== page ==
• Register
Post feature RSS Maps of the Operation Crusader (part 1)

Operation Crusader (18 November-30 December 1941) was Rommel's first defeat in North Africa. It was a very complex operation, which will be described here with a series of maps. I will try to show the situation day-by-day, and zoom in on the action when needed. I will also accompany each map with a short description of events. If you wish to learn more about the operation, I advise you to look at the Sources section at the end of this article.

Posted by on

Maps of the Operation Crusader (part 1)

About the Series
This article is part of a series: Maps of the Desert War. In this series I explore battles and operations that took place during the WW2 North African Campaign (or more precisely – its Western Desert part). For decades I've been reading about the campaign, but I've often had hard time to find maps that go with the riveting stories I read. But since I've started the research for my new game design, I needed to have a well researched and detailed maps, in order to create game scenarios. And this is how this series came to be - as a result of my ongoing research.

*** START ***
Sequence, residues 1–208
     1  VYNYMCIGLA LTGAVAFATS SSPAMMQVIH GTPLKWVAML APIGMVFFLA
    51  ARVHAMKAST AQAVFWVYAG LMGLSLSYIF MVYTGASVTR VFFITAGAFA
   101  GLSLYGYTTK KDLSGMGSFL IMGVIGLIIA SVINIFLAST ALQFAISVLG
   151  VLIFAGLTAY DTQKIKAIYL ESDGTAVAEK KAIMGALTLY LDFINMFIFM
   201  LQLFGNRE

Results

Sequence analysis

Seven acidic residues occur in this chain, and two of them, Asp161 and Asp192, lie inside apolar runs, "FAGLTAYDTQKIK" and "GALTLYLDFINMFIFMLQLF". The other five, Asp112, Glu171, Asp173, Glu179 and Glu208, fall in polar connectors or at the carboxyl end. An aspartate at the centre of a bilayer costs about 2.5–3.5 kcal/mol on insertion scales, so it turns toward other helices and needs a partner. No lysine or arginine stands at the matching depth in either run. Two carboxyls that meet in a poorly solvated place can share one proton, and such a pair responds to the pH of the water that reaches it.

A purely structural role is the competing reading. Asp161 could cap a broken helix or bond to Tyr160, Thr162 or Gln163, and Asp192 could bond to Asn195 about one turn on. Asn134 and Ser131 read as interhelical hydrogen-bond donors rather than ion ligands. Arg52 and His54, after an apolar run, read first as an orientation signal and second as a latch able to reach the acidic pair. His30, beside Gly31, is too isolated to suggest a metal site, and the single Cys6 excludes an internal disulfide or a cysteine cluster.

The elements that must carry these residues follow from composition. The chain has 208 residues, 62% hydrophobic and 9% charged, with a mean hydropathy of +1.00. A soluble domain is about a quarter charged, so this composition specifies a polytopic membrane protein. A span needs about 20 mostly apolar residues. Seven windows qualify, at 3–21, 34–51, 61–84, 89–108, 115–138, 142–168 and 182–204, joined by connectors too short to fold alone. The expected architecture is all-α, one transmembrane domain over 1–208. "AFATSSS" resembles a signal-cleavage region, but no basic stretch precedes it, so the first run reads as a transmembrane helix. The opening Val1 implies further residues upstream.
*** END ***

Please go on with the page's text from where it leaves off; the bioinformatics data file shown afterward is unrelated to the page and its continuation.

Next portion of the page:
Operation Crusader (18 November-30 December 1941) was Rommel's first defeat in North Africa. It was a very complex operation, which will be described here with a series of maps. I will try to show the situation day-by-day, and zoom in on the action when needed. I will also accompany each map with a short description of events. If you wish to learn more about the operation, I advise you to look at the Sources section at the end of this article.